Trials and tribulations of a 4th-grade chaperone on a near-epic powder day |

Trials and tribulations of a 4th-grade chaperone on a near-epic powder day

Paul Andersen

My son’s fourth-grade class ski trip recently coincided with a 10-inch powder day at Snowmass. Chaperones were needed and free lift tickets from a fellow parent sweetened the pot. I envisioned myself laying down fresh tracks in a euphoria of crystalline alpine bliss.

This is where greed and disillusion ended and grim reality set in. Could I have anticipated the raucous bus ride and the crazed logistics required for a gaggle of fourth-graders? Should I have stayed at home to toil as a productive member of my household? Naaaaaa! I’m a fool!

The class gathered in the fourth-grade room where their teacher led them in their morning ritual. Then he tossed me the key to the school bus. “You’re driving,” he said, implying that he would do damage control. Five minutes later we were motoring up Highway 82 toward Snowmass.

By El Jebel, the singing commenced. “Rollin’ down the highway/doin’ ninety-four, can’t get to the bathroom.” “A hundred bottles of beer on the wall, a hundred bottles of beer …” “Aggravation, dreadful aggravation,” “Will the real Slim Shady please stand up, please stand up …” I wondered if I was driving a bus for the pure and innocent Waldorf School or for inmates at a reformatory?

At the parking lot we piled out of the bus and paired up equipment in what seemed like an impromptu ski swap. At the base area we were issued our lift tickets and loaded helter-skelter onto the Fanny Hill quad. At the top of the lift, one boy realized he had no gloves. Back to the base area for a loan from the lost and found.

Glancing toward the cloud-covered top of the mountain, I fumed because precious time was being wasted. Up there in those clouds tourists from Kansas were cutting virgin powder into teeny-tiny pieces. A pair of gloves was finally found and we were off to the top of the Big Burn where the snow was light, creamy and deep.

I generously volunteered to ski sweep and as the group took off, I noticed one girl fiddling with her snowboard binding. She looked up at me with exasperation. “It won’t clip.” In the ensuing 10 minutes I used every non-expletive in my vocabulary working barehanded with a plastic strap and spring-loaded clip that refused to function.

I was about to download the girl on the quad when the binding miraculously held. Off we went! In 30 yards, she did a face plant, then another and another and another. I lamely cheered her on as she face-packed the entire run. “You”re doing great! Smell those burgers? See that roof? That’s the warming house. You’re almost there!”

I sent the face planter into the warming house just as three old friends happened to show up with self-satisfied grins plastered on their smug faces. “Hey, Paul, we just skied the Cirque and it was really good. Join us for a run.” One of them patted his jacket pocket. “We’ve got something to ease your pain. C’mon.”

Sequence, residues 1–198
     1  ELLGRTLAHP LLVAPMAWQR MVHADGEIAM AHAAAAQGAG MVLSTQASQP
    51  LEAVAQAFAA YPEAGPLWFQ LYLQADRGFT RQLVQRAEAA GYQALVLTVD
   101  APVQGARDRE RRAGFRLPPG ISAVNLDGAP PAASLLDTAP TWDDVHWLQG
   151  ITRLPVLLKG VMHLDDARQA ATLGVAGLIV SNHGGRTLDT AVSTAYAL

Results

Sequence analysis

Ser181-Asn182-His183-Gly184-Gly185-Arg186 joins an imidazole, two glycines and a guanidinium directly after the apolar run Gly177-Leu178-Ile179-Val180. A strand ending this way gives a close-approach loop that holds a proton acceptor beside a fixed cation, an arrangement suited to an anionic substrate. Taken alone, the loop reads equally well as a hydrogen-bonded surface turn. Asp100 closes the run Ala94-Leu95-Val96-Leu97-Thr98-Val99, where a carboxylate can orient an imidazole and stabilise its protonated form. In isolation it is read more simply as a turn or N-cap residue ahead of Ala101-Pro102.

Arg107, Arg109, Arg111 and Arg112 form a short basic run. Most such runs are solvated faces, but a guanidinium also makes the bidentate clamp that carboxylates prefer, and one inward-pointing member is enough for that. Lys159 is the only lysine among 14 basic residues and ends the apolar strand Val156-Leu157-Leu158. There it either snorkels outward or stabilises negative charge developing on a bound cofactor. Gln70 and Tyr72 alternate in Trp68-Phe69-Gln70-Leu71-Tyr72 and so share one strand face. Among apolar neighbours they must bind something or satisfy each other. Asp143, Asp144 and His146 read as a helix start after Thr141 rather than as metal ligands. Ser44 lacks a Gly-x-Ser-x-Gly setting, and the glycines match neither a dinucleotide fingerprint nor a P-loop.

I explained that at the moment I was learning the patience of Job and that I must wait for the rest of the fourth-grade class and that the Cirque might as well be in Canada because I was tied up with my son’s class – and “See ya, wouldn’t wanna be ya,” they chorused and skied off to the lift.

Then it was lunchtime. We commandeered a table and the kids hit the food line. Two of the boys challenged the cashier with math problems as they attempted to calculate two trays bulging with food against a $20 bill. “How much is it with this?” asked one boy, holding a brownie. “How much is it with this?” asked the other, displaying a fully smothered chili dog.

The cashier finally relented, took the twenty and the brownie and waved the boys on. They came away with a can of “Monster” ginseng energy drink, which they took turns guzzling on empty stomachs. Then came the Doctor Jekyll/Mister Hyde act.

One boy, his eyes glazed, began swinging his head around in circles, chanting, “It’s taking effect. It’s taking effect.” In fine print on the label was a warning: “Not recommended for children due to high caffeine content.”

We escaped the restaurant with minimal damage and I was elected to chaperone the two “Monsters” and my son. We set off down Sheer Bliss and the fully caffeinated juveniles began screaming their heads off in full-decibel youth. I thought about discreetly shoving them off the lip of KT Gully but realized there could be criminal charges.

As the powder thickened with our descent into warmer air, the boys had a few tumbles, which sobered them up. Their eyeballs were no longer spinning and we enjoyed relative peace and serenity with a dozen or so good turns thrown in. I was just getting into the rhythm when time was up and we needed to return to the bus.

The drive back to school was a Ralph Cramden nightmare as a mini snowball fight erupted from the slush accumulated on somebody’s snowboard. Competing songs and chants pitted the boys against the girls, and fourth-graders did what fourth-graders do best – they had an absolute ball being as silly as is humanly possible.

Paul Andersen will think twice the next time free skiing is offered. His column appears on Mondays.

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